eMusic: 1998-2014…

chickenscratch

 

If you’ve never heard of eMusic, then maybe that’s the point.  Here’s an email leaked from inside digital distributor The Orchard to Digital Music News concerning the struggling music ‘e-tailer’…

 

orchardemusicletter

 

Image by Andy Hay, licensed under Creative Commons Attribution 2.0 Generic (CC BY 2.0).

20 Responses

  1. Name2

    Back in 2010(?) emusic sold their soul to Universal and Warners for a shot at the big time and sustainability.

    Now they’re gone. Lessons learned?

    Personally, I was a member from 2003 to 2010. RIP.

    Reply
    • DMN=Hypocrites

      Yeah…

      How come you seem to only use free, CC images?

      You DO realize that doing that de-values all other photography and visual arts, right?

      Why do you refuse to pay good, creative artists a fair amount, just because, legally, you can?

      It’s wrong and it has to stop.

      Reply
      • Paul Resnikoff
        Paul Resnikoff

        Do you understand how Creative Commons operates? Photographers knowingly agree to allow their snapshots to be used without payment, but with attribution (and whatever other terms they designate). They are saying, ‘yes, you can do this because I specifically allow it.’

        Photography has always had a massive recreational component; now that activity has exploded exponentially thanks to smartphones. Sorry, not everyone is taking a snapshot of a dead chicken and thinking, ‘give me $500!’ They’re just uploading it, and saying you can share it.

        Reply
        • DMN=Hypocrites

          Paul ResnikoffDo you understand how Creative Commons operates? Photographers knowingly agree to allow their snapshots to be used without payment, but with attribution (and whatever other terms they designate). They are saying, ‘yes, you can do this because I specifically allow it.’”

          Yes, I know how creative commons operates (just as I know how Sects 114 and 115 of the Copyright Law operate, how Soundexchange operates, how ASCAP and BMI operate, etc.,.. etc….)

          Did you notice that I didn’t say you were “stealing” these images? I understand that under the CC license, you have the right to use the images.

          The point I made, is that if you were truly applying your own arguments uniformly, you would realize that in using – even legally – those images, you are contributing to the devaluation of images, in general and negatively influencing the market for those photographers who do not agree to the terms of a CC license, in particular. You are – legally – helping to drive the market price/income of these creative individuals down. A circumstance that you rail against, when it comes to streaming services paying for the use of music.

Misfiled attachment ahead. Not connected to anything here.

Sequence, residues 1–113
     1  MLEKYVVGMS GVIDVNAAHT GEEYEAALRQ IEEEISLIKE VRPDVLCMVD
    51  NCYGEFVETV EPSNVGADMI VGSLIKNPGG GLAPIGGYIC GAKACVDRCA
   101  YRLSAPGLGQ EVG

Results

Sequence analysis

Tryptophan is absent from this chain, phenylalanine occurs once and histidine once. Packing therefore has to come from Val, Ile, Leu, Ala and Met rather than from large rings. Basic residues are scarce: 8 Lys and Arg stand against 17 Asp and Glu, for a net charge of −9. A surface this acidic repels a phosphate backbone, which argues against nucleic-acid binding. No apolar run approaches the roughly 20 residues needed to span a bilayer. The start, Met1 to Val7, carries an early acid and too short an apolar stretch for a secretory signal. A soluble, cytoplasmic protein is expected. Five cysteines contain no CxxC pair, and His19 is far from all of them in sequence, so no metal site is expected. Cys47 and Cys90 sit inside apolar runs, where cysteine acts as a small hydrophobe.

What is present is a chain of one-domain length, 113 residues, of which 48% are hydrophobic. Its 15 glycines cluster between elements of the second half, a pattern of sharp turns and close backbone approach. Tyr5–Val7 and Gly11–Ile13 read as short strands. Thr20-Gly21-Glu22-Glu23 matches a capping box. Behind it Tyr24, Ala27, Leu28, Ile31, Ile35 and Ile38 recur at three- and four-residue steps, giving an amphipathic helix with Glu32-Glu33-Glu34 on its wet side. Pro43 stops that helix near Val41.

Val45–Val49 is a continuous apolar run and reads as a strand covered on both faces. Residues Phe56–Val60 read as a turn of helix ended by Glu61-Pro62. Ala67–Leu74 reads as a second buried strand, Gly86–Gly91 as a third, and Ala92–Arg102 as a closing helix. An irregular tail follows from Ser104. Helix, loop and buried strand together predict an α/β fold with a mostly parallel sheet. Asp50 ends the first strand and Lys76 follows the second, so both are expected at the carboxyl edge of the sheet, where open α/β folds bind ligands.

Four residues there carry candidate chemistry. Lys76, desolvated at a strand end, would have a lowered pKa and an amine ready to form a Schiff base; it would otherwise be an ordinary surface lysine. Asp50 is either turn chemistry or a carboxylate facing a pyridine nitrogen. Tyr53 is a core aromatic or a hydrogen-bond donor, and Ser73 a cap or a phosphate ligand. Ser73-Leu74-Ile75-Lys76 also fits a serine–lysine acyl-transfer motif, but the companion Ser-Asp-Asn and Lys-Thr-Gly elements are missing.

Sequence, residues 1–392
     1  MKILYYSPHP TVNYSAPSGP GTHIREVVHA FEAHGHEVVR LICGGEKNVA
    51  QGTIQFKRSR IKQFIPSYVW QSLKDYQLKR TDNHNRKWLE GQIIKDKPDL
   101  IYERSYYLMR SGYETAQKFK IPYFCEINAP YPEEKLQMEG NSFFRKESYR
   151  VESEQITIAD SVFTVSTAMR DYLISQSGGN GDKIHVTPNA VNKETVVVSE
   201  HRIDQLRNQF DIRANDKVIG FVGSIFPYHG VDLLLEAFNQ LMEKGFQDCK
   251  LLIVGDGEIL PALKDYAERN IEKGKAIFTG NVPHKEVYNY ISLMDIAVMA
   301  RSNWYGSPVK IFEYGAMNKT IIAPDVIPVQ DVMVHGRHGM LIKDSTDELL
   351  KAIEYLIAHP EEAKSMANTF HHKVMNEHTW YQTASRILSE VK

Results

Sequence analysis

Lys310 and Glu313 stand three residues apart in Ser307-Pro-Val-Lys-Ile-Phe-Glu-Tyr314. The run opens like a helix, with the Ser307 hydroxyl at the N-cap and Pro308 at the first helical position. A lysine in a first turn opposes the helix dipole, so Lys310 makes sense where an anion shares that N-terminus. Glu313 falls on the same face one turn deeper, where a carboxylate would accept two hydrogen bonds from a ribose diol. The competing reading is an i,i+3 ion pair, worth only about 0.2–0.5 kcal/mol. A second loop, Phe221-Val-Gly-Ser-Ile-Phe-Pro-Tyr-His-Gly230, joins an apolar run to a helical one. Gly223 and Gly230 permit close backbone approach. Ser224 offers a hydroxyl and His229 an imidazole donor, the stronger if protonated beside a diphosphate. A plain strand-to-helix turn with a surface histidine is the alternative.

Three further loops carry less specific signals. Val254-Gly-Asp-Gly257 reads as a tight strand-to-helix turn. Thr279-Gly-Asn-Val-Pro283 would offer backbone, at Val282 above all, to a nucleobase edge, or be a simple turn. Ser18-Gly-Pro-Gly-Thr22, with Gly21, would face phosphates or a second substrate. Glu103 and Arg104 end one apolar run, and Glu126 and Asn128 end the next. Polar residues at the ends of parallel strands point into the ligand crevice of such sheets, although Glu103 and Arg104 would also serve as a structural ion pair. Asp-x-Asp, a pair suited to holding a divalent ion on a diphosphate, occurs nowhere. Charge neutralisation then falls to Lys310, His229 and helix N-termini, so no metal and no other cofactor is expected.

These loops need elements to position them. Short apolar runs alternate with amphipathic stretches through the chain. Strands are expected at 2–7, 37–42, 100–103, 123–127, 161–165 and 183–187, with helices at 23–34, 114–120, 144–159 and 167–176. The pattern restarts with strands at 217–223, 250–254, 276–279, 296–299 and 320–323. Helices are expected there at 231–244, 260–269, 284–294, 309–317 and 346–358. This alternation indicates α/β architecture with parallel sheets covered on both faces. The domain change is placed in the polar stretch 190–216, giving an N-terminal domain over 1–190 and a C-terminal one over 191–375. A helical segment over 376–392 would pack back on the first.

Pandora is completely within the law in playing the royalty rates they pay. Further, they are completely within their rights to seek to lower those payments by pursuing direct deals with rights-owners who will agree to take less – and then use THOSE deals to try and further reduce their statutory royalty rate. What is more, Pandora is well within their legal rights (as they stand now) to not pay for their performance of sound recordings recorded before 1972.

          They are also completely within their rights to seek adjudication of ASCAP and BMI performance royalty rates for musical compositions, to keep them in line with other broadcasters of those musical works.

          Spotify is similarly, well within their rights to seek the same type of permissions and favorable payments for their uses of those creative works.

          You rail against these music streaming companies engaging in the exact same type of subrogation of music rights owners as YOU do to photographic rights holders. But because 1) you don’t care about photographers, and 2) under the CC license, and current market conditions, “you can,” do it, you don’t see a problem.

          If you were REALLY a true champion of artists rights, well before you EVER said Pandora should show some “leadership” and pay for performing pre-1972 sound recordings, you would yourself pony up and pay some photographers and graphic artists for thier work.

          But you don’t. You only announce your uniquely-focussed though your personally distorted moral lens – while happily taking advantage where you happen to be ethically blind.

          Somehow, I imagine this larger eithical point may be lost on you, and you will simply repeat: “But, under creative commons, these photogrpahers have given permission for me to use their images without paying….”

          Reply
  2. Hoodgrown

    I’m surprised the lasted this long. They had a loyal set of subscribers in the early 2000 but couldn’t seem to grow. I was a fan of theirs and AudioLunchBox.

    RIP

    Reply
    • Anonymous

      I was a fan until they eliminated the prepaid cards and conveniently eliminated my remaining balance while pretending they had no idea what I was talking about when I contacted them. Screw that.

      Reply
      • Sizzle Chest

        I was a member of Emusic for a while. A friend of mine, Dave Allen, turned me on to it. I liked the indie-focus thing and I liked the paid subscription thing as it forced me to download new indie music monthly, which I had gotten away from because of spending too much time in the studio. I also liked the catalog of things available there that I didn’t find elsewhere online.

        As for Audiolunchbox, that was a company that started focusing on Indie music, but were bought by some lame MUZAK company in San Diego.

        Another new company just started called iloveindie.com. They’ve been soliciting indie labels and artists and are up and streaming. Wonky interface (no worse than Beats is) and some kind of playlist ability. Not sure they are paying any songwriting, performance or mechanical royalties, they are least paying some kind of immediate ‘stream’ income. Is it legal for a company to start like that and completely ignore legal terms with regard to paying royalties?

        Reply
  3. Willis

    The reality is that eMusic was wearing a toe tag for a number of years and only now realized that it wasn’t a fashion accessory.

    Reply
  4. wallow-T